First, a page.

MONTECRISTO

Andy Everson

Andy Everson

The creative force is strong within K’ómoks First Nations artist Andy Everson, who melds his childhood love of Star Wars with West Coast Indigenous art.

“I grew up in the ’70s and certainly was enamoured with Star Wars,” says Everson, who collected the toys and loved the movies. An artist since the 1990s, he realized the familiar characters were more than one-dimensional sci-fi players, and decided in 2011 to use them in his art to help articulate his themes.

The pieces are threaded with meaning for Indigenous people, and also act as a doorway for those unfamiliar with Northwest Coast First Nations stories and imagery. Everson saw parallels around the imperialism and occupation in the blockbuster films and how British Empire colonialism impacted Indigenous communities in Canada. Darth Vader, stormtroopers, C3PO, and Yoda take new forms in Everson’s bold prints. He incorporates First Nations legends with symbols from his own family to make statements about oppression and resistance, while at the same time preserving his culture’s historic storytelling.

“Our Native artwork was created to remind the viewer of traditional stories, and we would use our artforms to display our craft and create our crests on our regalia, on our house fronts, and feast dishes,” he says over the phone from his home of Comox, Vancouver Island. Many of these narratives have been lost since colonization, making Everson’s work all the more important.

With Defiance, a stormtrooper becomes a First Nations warrior, blanketed in slate blue heron feathers; the bird is a badge from one part of Everson’s family. Then there is a raven, which is used in a Darth Vader print called Rise, and comes from his grandmother’s great grandmother, who had the bird as her crest. Colourful Resistance and Northern Warrior transform the stormtrooper using influences from the Tlingit Nation branch of his family, including Chilkat weavers.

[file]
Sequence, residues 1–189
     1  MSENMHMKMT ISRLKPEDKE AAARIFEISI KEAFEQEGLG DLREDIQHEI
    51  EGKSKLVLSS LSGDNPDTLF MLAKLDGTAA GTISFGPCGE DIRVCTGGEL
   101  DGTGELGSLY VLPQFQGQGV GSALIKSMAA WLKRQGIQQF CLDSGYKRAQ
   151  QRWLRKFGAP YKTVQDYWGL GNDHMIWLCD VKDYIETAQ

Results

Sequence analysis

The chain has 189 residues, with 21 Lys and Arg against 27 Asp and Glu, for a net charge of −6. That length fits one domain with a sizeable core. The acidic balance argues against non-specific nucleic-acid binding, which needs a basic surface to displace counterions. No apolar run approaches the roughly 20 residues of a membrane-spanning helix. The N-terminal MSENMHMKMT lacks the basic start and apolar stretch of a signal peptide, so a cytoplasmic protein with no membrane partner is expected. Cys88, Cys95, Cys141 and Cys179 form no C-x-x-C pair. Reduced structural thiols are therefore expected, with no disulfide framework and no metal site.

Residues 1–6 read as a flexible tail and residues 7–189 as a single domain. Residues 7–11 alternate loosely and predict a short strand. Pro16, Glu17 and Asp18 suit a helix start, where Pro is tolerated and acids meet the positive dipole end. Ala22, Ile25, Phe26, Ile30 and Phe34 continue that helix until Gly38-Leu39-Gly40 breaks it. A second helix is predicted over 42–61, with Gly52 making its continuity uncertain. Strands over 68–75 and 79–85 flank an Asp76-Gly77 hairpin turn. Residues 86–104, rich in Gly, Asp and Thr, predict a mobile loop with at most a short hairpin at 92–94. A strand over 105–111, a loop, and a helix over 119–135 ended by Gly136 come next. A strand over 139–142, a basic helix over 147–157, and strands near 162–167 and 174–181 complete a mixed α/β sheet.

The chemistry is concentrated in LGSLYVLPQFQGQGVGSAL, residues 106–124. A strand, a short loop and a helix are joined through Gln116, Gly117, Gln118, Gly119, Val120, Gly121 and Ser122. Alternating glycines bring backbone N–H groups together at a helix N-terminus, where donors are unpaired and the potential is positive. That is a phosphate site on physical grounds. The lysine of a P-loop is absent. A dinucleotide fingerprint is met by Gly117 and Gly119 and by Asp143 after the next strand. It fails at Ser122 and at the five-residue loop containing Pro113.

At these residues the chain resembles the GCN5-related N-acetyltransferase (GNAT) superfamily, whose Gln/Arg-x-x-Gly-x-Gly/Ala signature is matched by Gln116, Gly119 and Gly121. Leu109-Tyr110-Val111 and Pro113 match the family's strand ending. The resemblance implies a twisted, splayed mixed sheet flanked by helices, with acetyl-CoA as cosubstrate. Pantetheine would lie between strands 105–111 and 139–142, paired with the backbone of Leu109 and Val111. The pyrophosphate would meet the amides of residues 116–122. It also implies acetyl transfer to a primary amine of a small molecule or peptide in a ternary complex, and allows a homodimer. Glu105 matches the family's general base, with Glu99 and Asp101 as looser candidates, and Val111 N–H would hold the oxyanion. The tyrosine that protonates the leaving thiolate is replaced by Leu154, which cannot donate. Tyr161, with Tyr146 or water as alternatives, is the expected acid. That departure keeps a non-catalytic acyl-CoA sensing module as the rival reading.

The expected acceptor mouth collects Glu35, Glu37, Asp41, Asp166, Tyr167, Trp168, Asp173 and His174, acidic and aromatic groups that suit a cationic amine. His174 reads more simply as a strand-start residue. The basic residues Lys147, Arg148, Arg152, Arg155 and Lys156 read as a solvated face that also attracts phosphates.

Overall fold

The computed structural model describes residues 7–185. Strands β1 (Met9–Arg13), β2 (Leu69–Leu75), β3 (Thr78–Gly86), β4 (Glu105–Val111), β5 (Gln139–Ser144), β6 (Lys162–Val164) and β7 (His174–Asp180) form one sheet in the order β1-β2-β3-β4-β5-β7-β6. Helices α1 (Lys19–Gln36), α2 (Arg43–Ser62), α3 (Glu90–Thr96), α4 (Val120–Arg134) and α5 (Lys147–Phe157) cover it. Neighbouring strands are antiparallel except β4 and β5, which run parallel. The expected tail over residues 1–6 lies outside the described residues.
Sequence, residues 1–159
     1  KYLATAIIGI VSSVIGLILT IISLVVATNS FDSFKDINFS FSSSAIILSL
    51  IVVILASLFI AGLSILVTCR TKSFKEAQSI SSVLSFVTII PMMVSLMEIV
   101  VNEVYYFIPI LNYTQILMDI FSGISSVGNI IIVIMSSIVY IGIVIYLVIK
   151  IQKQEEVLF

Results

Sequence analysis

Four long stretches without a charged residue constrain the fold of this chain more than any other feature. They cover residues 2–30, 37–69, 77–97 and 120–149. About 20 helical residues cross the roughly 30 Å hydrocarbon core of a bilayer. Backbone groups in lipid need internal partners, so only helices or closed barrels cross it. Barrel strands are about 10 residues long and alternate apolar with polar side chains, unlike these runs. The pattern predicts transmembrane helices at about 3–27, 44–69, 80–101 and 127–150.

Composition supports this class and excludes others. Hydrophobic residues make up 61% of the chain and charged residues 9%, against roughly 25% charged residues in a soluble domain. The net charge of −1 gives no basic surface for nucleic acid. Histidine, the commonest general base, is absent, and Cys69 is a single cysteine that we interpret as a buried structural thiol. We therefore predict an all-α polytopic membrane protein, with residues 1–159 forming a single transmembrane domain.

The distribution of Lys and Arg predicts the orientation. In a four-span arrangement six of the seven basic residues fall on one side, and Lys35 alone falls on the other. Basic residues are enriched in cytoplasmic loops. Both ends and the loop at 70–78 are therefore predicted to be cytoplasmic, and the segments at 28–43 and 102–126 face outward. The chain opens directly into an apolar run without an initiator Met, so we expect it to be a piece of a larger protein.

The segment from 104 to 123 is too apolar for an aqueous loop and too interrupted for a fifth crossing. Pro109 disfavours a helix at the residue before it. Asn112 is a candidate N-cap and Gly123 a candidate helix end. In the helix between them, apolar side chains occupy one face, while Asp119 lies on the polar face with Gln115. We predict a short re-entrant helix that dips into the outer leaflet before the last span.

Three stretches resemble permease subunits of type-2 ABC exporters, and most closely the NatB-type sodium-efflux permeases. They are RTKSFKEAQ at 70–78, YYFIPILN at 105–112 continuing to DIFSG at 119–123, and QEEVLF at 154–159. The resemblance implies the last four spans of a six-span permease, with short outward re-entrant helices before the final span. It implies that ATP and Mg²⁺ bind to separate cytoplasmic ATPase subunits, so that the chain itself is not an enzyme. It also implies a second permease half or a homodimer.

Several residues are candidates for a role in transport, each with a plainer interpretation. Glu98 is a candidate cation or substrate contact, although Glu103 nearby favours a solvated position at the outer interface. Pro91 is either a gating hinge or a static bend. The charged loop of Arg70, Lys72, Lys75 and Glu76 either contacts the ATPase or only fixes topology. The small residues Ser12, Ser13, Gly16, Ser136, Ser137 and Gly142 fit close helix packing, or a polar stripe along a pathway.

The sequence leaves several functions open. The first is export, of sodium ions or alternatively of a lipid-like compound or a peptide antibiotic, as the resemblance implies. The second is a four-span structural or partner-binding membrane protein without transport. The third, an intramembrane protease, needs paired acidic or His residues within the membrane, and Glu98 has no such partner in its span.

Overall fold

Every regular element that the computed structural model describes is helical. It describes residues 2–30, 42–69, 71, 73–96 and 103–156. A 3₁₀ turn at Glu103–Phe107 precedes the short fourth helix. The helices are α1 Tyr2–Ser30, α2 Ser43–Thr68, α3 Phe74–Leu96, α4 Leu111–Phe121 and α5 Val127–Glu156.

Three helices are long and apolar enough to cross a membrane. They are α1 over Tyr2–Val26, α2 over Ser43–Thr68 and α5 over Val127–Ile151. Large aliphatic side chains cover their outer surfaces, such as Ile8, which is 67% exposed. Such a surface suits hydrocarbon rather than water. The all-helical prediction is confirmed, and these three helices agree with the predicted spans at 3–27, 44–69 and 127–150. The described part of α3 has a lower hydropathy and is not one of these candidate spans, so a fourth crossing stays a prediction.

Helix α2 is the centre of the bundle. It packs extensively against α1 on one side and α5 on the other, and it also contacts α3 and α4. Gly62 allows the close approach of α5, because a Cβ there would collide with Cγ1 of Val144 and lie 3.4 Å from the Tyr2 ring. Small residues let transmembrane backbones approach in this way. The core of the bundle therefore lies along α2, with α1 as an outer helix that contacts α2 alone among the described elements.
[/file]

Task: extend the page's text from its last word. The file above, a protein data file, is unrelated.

Everson likes that his art is familiar and accessible through the Star Wars references; it makes the work easy for people to understand and enjoy, even as the themes remain unexpected and impactful. Other modern-day references flow through his work—a Lego character is used for his playful self-portrait, while an Angry Birds leading player becomes Angry Raven.

Still, his oeuvre encompasses more than pop culture. Idle No More!, for instance—created by Everson in resistance to the Canadian government’s omnibus bills and their lack of First Nations inclusion—went viral. “I try to create work that has some meaning, too, and try to do my little part,” he reflects. “I can’t always make it to protests but if I am able, I represent it with artwork.” Everson also designed a colourfully embossed, high-relief Thunderbird-theme silver coin for the Canadian Mint in 2018; his next project involves working with his partner, designer Erin Brillon, and her brother to create wearable art for her company Totem Design House.

The Star Wars pieces are what gave him name recognition, though, and he is happy that they have been “powerful” for British Columbia’s Indigenous communities. “They feel it’s almost like they’re more a part of it. They, too, are interested in that universe and their own culture,” says Everson. “It has a resonance for them.” As for non-Indigenous people? “Sometimes they’ll walk past one of these pieces in the window of a gallery and it stops them in their tracks. They don’t expect it.” Make the viewer feel something—it’s what all great art should do.


Read more in Arts.